10 Years After the Invasion: Visualizing Key Details on the War in Iraq

Includes multimedia visualizations and video

On March 20, 2003 U.S. forces invaded Iraq under the false pretense that its government was harboring weapons of mass destruction. Intended to be a brief mission to overthrow Saddam Hussein’s regime and find the weapons, the Defense Department estimated the effort would cost about $60 billion.  Today, 10 years later, Iraq is still reeling from a prolonged conflict that, according to a recent study, has cost the U.S. more than $2 trillion (and growing) and brought a death toll of nearly 190,000 civilians, soldiers, journalists and aid workers.

While the U.S. occupation did lead to the overthrow of Hussein and the semblance of a fragile democracy, it also launched the country into a state of civil war, fueled by an ongoing period of political instability and intense sectarian violence. The U.S. occupation officially ended in December of 2011, but today the bloodshed continues on a nearly daily basis as large swaths of Iraq remain mired in conflict.

This collection of visualizations illustrates some of the war’s cold hard facts, the big milestones, and the many layers of miscalculation and deception.

1. By the numbers: charting an expensive, bloody decade

This infographic, produced by The Guardian, details the high rate of fatalities and expenses associated with the Iraq War. Use the tool below to zoom in on details.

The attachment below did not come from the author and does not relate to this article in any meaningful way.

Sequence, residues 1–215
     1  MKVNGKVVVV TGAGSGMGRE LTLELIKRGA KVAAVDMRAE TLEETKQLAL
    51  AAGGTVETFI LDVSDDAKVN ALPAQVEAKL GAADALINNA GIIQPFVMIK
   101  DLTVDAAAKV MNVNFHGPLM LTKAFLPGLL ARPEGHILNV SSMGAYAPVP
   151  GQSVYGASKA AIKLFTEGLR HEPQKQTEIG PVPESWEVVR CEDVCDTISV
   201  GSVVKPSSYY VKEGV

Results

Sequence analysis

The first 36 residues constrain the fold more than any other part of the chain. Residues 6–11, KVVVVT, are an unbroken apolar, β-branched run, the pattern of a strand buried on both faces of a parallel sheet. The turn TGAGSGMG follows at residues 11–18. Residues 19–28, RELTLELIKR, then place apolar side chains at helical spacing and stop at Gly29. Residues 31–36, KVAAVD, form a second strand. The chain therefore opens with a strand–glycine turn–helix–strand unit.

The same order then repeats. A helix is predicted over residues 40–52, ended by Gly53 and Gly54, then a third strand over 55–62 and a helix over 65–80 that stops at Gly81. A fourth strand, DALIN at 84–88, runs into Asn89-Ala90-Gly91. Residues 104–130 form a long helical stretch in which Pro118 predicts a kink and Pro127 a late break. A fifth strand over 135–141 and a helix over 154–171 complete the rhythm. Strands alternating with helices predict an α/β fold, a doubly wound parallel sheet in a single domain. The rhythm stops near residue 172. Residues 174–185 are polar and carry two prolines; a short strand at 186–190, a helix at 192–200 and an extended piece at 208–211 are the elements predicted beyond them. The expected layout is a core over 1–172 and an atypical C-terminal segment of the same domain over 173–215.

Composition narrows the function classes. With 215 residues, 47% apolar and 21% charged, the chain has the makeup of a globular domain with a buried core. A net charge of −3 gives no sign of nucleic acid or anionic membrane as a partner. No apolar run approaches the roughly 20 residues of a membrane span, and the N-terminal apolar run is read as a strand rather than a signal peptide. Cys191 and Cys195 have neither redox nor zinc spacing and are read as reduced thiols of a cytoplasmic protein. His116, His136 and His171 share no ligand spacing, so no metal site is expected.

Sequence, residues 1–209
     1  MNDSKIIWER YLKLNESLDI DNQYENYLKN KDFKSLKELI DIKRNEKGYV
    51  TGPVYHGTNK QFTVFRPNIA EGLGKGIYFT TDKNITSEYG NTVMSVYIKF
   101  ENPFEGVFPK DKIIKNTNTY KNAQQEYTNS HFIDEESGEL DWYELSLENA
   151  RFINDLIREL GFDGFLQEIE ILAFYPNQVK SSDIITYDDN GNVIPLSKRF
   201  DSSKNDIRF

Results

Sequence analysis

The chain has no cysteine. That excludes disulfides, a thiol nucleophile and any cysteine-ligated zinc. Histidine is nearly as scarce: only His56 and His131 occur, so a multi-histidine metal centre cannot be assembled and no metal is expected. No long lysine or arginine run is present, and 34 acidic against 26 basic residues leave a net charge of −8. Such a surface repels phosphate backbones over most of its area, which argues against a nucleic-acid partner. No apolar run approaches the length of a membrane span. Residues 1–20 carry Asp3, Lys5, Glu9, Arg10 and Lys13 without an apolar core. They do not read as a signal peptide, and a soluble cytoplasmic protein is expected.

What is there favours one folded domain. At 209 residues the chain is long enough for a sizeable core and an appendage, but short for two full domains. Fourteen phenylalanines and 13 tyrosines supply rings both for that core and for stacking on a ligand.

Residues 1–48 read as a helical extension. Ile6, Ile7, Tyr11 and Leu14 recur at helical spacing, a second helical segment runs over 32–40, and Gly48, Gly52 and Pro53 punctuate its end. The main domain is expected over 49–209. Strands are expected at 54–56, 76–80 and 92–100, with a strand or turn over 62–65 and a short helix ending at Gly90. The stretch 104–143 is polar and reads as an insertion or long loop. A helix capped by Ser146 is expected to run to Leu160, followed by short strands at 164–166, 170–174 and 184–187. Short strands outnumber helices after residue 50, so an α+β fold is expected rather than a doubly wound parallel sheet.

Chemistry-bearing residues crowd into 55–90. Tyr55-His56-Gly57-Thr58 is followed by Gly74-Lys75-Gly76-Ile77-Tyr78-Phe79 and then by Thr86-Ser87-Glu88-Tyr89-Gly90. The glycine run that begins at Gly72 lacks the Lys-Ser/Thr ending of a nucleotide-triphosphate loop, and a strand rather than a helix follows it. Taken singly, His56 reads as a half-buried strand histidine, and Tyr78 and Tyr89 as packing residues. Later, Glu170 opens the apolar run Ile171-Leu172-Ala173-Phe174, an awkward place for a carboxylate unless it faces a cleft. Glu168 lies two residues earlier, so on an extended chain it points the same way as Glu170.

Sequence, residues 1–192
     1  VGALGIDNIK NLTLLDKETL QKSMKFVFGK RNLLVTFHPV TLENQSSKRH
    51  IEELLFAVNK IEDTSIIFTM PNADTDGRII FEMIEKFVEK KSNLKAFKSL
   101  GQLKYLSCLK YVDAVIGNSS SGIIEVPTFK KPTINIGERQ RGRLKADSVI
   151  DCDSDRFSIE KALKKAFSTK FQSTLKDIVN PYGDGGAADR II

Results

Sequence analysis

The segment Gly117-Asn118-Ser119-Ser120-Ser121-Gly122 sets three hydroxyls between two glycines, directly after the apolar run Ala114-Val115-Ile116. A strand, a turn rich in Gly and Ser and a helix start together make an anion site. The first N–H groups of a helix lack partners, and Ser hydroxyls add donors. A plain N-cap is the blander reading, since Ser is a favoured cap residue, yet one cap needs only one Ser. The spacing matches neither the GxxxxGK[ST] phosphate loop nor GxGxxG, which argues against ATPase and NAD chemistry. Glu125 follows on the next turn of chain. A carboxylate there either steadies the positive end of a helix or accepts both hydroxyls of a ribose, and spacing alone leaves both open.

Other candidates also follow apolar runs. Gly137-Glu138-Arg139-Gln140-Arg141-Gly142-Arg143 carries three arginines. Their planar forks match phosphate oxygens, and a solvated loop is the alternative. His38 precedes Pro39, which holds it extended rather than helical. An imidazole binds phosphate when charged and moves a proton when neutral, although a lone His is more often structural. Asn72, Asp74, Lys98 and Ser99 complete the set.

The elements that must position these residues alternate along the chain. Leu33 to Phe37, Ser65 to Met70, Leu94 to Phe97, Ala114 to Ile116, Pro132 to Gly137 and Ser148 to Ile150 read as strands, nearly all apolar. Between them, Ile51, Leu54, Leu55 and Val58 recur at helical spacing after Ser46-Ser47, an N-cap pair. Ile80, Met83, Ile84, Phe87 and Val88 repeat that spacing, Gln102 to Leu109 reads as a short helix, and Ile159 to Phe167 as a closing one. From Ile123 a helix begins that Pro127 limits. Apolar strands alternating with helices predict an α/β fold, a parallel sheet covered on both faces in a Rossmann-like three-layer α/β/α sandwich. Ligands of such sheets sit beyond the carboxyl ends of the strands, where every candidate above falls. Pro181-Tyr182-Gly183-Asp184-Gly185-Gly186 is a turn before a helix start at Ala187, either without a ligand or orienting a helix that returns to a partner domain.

2. A chronology of war

Produced by the Council on Foreign Relations this timeline documents the major milestones of the War in Iraq, from the initial invasion on March 20, 2003 to the final exit of U.S. troops on Dec. 18, 2011.

timeline_CFR

3. Counting the fallen

Total deaths

A recently released report from Brown University’s Costs of War project, estimates that close to 190,000 people have died in Iraq since the war effort began. That includes close to 4,500 U.S. troops and upwards of  134,000 Iraqi civilians (about 70 percent of all deaths).

Source: Costs of War project

Source: Costs of War project

Using data from Wikileaks, the Guardian in 2010 created this interactive map detailing every recorded death in Iraq between 2004 and 2009.

U.S. soldiers deaths

This interactive, produced by CNN, shows the nearly 4,500 fatalities of U.S. armed forces in Iraq, with details on each soldier’s hometown and place of death in Iraq.

4. The tab

When the Iraq War began, the Defense Department anticipated that the effort would cost about $60 billion. While the U.S. price tag still remains a matter of speculation, even the most conservative estimates now place it at well over $1 trillion. The recent Brown University study estimates the current tab at around $2 trillion, and predicts it will eventually reach $6 trillion when accounting for residual expenses .

This animation, produced by Good Magazine – which places the current U.S. tab at a figure higher than most other estimates – details the elements that made the war so costly.

5. The spin and its deadly consequences

The U.S. invaded Iraq on the false stipulation that it had weapons of mass destruction. A mix of faulty intelligence and deception from the highest ranks of government resulted in an occupation that lasted longer than World War II. The first visualization below, by the Center for Public Integrity,  highlights the false statements made by the Bush administration in the run-up to the invasion. The subsequent interactive, produced by the left-leaning Mother Jones Magazine details the many layers of deception that led us into Iraq.

Center for Public Integrity

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